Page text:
In a helpful analysis of the uses of social media by the water protectors at Standing Rock, Ginny Underwood points out how social media were used to tell the story of the people protesting the Dakota Access Pipeline.
The analysis was published by United Methodist News Service, the news arm of The United Methodist Church.
Ginny points out how the water protectors used social media strategically to overcome lack of coverage by mainstream media. In doing this, she notes the people were enabled to tell their own story, something that’s been more difficult in the past because of lack of access to media controlled by others.
Key to Success
A key to the success of the resistance was the strategic use of social media to tell a story that for many weeks was not told by mainstream media. The water protectors built a movement through Facebook, Twitter, Instagram and other social media from a remote hillside in the middle of the country far from the communication hubs of the established media.
They told a story that was easy to understand and with which anyone could identify. When dogs and rubber bullets were used by local authorities and water cannons turned on the protestors, it was on Facebook within minutes.
Creating a Movement
Out of this communication a movement was built. A movement can defeat the establishment almost every time if it holds together and if it communicates effectively.
There are other components of this story that bear attention.
UMNS published this analysis before any other media outlet recognized the importance of the communication strategy. This is an important and appropriate role for the church’s communication arm to fulfill.
UMNS (for which I once had executive responsibility) should be an authoritative information source for the stories of those without voice, on the margins, and otherwise at a disadvantage in a media environment dominated by big money and big corporations.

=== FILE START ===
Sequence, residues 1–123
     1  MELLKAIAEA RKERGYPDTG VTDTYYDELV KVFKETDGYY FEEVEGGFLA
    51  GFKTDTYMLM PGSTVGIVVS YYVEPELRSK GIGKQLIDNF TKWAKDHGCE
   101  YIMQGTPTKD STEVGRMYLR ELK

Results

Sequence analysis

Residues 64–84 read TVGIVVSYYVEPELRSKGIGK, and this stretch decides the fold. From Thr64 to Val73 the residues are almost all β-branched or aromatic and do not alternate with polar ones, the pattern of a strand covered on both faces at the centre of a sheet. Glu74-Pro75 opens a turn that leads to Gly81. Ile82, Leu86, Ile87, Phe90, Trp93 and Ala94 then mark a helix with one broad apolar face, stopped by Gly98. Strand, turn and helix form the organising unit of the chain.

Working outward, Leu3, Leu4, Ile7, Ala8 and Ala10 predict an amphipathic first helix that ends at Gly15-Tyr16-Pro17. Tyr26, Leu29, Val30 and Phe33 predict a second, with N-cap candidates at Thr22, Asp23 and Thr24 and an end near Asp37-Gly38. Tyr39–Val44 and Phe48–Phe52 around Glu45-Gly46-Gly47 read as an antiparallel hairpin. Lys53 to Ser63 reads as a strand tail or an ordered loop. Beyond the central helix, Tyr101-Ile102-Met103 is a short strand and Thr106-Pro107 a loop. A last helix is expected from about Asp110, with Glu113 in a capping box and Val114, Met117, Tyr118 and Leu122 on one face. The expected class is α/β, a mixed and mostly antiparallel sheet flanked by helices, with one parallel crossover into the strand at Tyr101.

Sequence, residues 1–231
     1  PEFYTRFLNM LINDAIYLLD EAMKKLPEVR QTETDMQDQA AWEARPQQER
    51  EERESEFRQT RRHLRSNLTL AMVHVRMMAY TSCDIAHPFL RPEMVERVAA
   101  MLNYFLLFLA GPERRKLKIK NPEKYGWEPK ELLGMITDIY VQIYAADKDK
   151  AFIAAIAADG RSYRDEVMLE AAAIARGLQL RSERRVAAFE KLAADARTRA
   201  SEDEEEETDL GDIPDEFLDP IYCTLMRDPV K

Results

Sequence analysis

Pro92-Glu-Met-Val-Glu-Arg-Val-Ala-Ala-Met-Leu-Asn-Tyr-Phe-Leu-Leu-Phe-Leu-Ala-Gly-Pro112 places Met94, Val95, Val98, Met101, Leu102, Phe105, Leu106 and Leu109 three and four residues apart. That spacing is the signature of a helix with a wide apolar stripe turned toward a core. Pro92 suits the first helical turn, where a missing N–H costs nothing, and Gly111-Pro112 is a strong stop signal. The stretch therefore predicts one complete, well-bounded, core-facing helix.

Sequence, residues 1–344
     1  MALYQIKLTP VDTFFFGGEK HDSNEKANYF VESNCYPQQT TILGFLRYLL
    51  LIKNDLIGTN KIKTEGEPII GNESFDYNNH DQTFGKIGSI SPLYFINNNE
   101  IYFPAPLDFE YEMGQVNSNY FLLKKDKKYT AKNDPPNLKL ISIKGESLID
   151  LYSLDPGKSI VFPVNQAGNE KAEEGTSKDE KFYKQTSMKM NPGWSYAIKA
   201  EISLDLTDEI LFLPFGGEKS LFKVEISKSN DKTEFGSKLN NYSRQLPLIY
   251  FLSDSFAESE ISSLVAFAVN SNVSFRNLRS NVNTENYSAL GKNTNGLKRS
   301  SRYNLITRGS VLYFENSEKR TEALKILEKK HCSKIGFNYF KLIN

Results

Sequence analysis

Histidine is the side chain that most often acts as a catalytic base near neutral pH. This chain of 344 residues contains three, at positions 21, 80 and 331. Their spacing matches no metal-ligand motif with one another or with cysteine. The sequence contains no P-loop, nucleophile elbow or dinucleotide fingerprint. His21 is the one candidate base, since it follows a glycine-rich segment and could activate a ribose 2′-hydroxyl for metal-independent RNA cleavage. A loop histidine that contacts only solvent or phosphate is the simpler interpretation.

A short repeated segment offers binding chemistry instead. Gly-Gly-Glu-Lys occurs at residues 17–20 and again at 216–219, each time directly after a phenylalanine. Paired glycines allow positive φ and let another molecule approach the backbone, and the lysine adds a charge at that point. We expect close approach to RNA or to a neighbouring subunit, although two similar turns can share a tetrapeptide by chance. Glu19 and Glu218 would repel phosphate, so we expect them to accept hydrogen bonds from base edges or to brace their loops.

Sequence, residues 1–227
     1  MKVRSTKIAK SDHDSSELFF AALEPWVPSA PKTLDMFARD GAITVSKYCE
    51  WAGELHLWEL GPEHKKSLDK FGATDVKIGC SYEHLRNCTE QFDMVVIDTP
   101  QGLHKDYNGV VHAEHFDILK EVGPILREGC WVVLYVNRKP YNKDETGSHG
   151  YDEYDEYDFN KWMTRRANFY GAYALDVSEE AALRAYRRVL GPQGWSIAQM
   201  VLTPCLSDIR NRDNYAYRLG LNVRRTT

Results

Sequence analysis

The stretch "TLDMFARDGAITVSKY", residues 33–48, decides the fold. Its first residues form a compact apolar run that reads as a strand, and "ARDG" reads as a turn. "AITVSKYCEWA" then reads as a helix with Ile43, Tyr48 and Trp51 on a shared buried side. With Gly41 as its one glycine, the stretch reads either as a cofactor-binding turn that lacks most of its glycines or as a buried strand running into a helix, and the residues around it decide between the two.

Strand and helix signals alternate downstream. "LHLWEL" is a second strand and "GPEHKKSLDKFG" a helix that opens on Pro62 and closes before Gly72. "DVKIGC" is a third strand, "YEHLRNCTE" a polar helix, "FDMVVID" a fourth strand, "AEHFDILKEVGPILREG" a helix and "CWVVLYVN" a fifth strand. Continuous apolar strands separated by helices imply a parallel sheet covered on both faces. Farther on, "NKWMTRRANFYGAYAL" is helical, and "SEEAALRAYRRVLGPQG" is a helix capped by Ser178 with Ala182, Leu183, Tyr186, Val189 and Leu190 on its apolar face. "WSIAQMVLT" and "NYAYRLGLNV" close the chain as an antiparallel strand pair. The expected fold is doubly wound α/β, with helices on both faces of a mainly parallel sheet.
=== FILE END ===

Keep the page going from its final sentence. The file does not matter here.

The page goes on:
It’s not a public relations function that serves on behalf of the church.
Truth-telling Rooted in the Gospel
It is the truth-teller rooted in the church’s claim of the Gospel of Jesus that the truth will set us free.
In the post-truth world of Trump, and the fact-free disinformation of fake news, the mainline religious traditions should be standing in the breach doing truth-telling and fact-finding, and enabling those who lack the capacity to tell their own stories without an assist to do so.
Mainstream electronic media, subject to the greed of corporate executives and the demand for ratings, failed us at truth telling in the past election. Don’t look for this to change.
Mainstream religious institutions have failed and continue to fail to engage the public conversation about just treatment of people, fair wages, economic justice, humane ways to resolve conflict, and the global environmental crisis.
The mainline denominations have decimated their news services. In doing so they have removed their capacity to fulfill one of their most sacred responsibilities, to speak truth to power, and to do what Jesus asked us to do, to identify with the poor and oppressed and to raise our voice on their behalf for justice and equity.
When religious institutions fail to protect us from the principalities and powers, other means must be found. In the DAPL issue, the water protectors are playing that important role.
And it’s important that communicators like Ginny Underwood and services like United Methodist News Service fulfill their responsibilities to tell the stories of the people.
Sacred Stories, Spirit Movement
That’s because these are sacred stories. They will be overlooked by those who serve corporate masters and moneyed interests.
At this moment in global history, there may be no more important role for religious communicators than to be the story-tellers who inform us of the movement of the Spirit to protect, heal and save us from our own hubris, greed and false worship of power.
Postscript: Faith in Public Life (FPL) is providing religious leaders with the means to speak to moral issues by providing a platform for exposure. The Rev. William Barber, for example, is an effective public voice for justice and FPL has assisted him and others with media access. I am a board member of FPL.